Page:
A new study co-authored by a University of Central Florida researcher shows that laws that punish substance use during pregnancy actually do more harm than good. These unintended consequences include keeping women from getting the treatment they need and failing to reduce the number of babies addicted to drugs.
The study, which was published Monday in the journal Health Affairs, compared the effects of punitive polices in states that implemented them and those that didn’t.
“Opioid use during pregnancy can harm both the mother and baby, and rates of opioid use disorder at delivery increased over 300 percent between 1999 and 2014,” said Danielle Atkins, an assistant professor in UCF’s College of Community Innovation and Education and study co-author.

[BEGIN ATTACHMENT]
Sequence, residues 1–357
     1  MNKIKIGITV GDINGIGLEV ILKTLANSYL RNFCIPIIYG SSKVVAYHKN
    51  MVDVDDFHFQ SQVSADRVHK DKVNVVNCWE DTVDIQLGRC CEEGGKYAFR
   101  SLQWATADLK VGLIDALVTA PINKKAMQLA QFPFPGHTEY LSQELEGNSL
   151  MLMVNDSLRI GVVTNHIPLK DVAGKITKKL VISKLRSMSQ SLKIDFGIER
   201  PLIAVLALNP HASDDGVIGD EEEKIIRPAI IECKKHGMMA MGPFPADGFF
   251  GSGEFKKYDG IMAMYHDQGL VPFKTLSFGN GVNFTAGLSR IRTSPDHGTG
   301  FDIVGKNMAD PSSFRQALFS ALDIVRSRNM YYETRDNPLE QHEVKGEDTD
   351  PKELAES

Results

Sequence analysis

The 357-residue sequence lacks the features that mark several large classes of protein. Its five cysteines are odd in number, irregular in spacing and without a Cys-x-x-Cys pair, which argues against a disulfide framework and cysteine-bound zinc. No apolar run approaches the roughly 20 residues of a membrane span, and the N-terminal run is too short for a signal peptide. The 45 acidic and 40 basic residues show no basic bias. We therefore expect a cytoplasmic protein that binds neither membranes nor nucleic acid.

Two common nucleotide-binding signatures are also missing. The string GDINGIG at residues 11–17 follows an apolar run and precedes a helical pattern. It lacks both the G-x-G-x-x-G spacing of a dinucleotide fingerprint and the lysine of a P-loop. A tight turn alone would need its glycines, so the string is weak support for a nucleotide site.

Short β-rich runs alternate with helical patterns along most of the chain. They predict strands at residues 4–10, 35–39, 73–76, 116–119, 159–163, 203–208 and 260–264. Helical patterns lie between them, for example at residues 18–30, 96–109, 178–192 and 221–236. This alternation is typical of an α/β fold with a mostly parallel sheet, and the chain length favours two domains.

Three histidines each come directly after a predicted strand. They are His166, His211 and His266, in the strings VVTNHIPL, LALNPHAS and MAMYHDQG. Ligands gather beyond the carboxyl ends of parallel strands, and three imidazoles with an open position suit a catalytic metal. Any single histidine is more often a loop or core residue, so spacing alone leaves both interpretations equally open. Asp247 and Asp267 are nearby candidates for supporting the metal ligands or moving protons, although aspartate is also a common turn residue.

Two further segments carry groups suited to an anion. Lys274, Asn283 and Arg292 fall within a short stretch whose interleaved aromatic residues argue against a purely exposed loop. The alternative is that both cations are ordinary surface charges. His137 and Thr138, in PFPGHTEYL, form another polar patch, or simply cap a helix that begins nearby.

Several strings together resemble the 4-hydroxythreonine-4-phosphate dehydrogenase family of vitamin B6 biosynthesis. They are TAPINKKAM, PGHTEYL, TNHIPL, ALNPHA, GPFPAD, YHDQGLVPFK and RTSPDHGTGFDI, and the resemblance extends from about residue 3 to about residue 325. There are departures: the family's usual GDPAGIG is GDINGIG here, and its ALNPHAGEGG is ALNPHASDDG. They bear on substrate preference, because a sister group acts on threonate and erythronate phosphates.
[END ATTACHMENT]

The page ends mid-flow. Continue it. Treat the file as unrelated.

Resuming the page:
“States have taken various approaches to address prenatal substance use, including policies that consider prenatal substance use as equivalent to child abuse or neglect,” Atkins said. “In our study, we did not find evidence that having a punitive prenatal-substance-use policy reduced rates of babies born with withdrawal symptoms or maternal narcotic exposure at birth.”
“We found evidence, however, that punitive policies reduce substance use treatment admissions among pregnant women and that a smaller share of pregnant women are referred to treatment by health care providers in states with punitive policies,” she said.